The Oxford English Dictionary defines the older broad meanings of the term "artist,"
A definition of Artist from Princeton.edu: creative person (a person whose creative work shows sensitivity and imagination).
In Greek culture each of the nine Muses oversaw a different field of human creation:
No muse was identified with the visual arts of painting and sculpture. In ancient Greece sculptors and painters were held in low regard, somewhere between freemen and slaves, their work regarded as mere manual labour.
The word art is derived from the Latin "ars", which, although literally defined means, "skill method" or "technique", holds a connotation of beauty.
During the Middle Ages the word artist already existed in some countries such as Italy, but the meaning was something resembling craftsman, while the word artesan was still unknown. An artist was someone able to do a work better than others, so the skilled excellency was underlined, rather than the activity field. In this period some "artisanal" products (such as textiles) were much more precious and expensive than paintings or sculptures.
The first division into major and minor arts dates back to Leon Battista Alberti's works (De re aedificatoria, De statua, De pictura), focusing the importance of intellectual skills of the artist rather than the manual skills (even if in other forms of art there was a project behind).
With the Academies in Europe (second half of XVI century) the gap between fine and applied arts was definitely set.
Many contemporary definitions of "artist" and "art" are highly contingent on culture, resisting aesthetic prescription, in much the same way that the features constituting beauty and the beautiful, cannot be standardized easily without corruption into kitsch.
Most often, the term describes those who create within a context of 'high culture', activities such as drawing, painting, sculpture, acting, dancing, writing, filmmaking, photography, and music—people who use imagination, talent, or skill to create works that may be judged to have an aesthetic value. Art historians and critics will define as artists, those who produce art within a recognized or recognizable discipline.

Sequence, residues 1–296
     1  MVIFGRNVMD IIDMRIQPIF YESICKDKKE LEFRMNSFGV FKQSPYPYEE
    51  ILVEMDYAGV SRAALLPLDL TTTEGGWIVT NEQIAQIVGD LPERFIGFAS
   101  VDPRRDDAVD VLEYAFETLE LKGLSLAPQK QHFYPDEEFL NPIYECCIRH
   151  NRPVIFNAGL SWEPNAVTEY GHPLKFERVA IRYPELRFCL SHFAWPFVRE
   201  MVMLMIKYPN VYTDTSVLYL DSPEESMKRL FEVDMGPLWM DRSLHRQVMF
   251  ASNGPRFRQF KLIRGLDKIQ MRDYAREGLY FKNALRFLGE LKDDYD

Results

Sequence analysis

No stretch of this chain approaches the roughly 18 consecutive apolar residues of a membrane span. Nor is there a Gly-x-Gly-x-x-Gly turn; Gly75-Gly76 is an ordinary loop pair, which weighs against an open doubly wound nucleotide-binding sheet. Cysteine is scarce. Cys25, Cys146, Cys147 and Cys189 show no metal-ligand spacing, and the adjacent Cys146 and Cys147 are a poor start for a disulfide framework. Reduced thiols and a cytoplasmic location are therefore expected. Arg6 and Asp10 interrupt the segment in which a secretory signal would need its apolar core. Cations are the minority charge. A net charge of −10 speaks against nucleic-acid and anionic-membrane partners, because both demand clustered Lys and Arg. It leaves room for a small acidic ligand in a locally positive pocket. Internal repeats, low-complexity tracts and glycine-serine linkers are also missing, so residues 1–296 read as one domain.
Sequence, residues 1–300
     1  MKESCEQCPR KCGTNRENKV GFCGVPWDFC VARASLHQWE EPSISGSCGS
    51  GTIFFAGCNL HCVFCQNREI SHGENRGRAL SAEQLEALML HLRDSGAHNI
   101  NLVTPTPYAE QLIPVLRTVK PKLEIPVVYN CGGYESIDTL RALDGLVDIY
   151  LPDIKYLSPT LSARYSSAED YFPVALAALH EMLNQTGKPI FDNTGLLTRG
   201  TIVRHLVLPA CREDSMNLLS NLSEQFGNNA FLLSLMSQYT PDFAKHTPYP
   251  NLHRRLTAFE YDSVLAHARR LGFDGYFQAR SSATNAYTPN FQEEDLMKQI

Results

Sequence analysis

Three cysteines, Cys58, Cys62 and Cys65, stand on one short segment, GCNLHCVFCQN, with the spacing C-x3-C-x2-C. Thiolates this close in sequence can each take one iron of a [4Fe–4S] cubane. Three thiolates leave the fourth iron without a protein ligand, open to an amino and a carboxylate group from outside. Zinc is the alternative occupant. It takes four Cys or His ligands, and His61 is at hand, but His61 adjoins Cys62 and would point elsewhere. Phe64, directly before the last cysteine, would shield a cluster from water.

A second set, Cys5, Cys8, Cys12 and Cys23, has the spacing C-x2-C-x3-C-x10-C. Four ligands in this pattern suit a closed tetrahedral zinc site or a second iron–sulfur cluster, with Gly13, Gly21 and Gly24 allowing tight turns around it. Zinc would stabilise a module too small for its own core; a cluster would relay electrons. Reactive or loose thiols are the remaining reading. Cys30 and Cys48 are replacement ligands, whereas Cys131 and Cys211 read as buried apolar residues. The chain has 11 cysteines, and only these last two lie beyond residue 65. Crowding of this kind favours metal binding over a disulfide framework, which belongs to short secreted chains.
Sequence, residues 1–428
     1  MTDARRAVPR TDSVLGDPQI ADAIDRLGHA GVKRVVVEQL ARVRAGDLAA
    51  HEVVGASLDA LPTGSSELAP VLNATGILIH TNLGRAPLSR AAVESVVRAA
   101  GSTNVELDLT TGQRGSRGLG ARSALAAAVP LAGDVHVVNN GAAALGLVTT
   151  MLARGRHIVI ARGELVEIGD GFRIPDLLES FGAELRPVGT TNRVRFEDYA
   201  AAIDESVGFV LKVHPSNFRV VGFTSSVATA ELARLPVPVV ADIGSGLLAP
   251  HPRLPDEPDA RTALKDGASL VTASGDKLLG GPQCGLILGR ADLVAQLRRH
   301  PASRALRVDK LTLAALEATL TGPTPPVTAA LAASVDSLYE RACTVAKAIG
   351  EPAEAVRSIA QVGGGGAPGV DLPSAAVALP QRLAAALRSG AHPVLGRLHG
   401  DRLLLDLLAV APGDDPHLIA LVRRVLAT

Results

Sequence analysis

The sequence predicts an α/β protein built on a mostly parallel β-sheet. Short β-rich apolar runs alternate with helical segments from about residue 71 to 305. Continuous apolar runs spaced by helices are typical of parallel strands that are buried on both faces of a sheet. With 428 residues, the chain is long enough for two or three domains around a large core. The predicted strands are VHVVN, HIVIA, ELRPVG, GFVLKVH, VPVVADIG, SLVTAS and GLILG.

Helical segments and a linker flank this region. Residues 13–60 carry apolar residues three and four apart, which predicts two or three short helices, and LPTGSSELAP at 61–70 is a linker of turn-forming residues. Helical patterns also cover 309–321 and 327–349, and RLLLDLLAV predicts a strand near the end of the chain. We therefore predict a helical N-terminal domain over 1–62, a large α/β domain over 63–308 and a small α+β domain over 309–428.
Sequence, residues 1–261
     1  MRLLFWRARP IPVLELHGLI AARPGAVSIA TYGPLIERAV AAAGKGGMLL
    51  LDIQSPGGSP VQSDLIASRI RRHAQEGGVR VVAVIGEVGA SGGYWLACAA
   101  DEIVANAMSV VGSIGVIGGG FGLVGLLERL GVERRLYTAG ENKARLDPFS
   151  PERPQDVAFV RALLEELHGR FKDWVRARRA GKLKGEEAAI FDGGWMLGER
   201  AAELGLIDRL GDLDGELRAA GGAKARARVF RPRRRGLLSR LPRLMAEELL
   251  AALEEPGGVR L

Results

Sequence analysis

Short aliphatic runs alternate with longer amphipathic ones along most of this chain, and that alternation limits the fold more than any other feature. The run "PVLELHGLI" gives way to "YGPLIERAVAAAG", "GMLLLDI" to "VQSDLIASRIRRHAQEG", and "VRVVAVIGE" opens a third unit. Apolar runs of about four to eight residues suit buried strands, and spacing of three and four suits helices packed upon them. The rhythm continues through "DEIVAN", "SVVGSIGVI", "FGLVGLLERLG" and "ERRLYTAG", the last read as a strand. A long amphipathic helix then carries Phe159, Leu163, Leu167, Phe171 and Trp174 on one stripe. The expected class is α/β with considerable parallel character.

The term also is used to denote highly skilled people in non-"arts" activities, as well—crafts, law, medicine, alchemy, mechanics, mathematics, defense (martial arts), and architecture, for example. The designation is applied to high skill in illegal activities, such as "scam artist" (a person very adept at deceiving others, often profiting (semi-illegally) from other people) or "con artist" (a person very adept at committing fraud).
Often, discussions on the subject focus on the differences among "artist" and "technician", "entertainer" and "artisan," "fine art" and "applied art," or what constitutes art and what does not. The French word artiste (which in French, simply means "artist") has been imported into the English language where it means a performer (frequently in Music Hall or Vaudeville). Use of the word "artiste" can also be a pejorative term.
The English word 'artist' has thus, a narrower range of meanings than the word 'artiste' in French.
David K. Jordan, Andrew D. Morris, and Marc L. Moskowitz, editors. The Minor Arts of Daily Life: Popular Culture in Taiwan.(Book Review)
Sep 22, 2004; David K. Jordan, Andrew D. Morris, and Marc L. Moskowitz, editors. The Minor Arts of Daily Life: Popular Culture in Taiwan....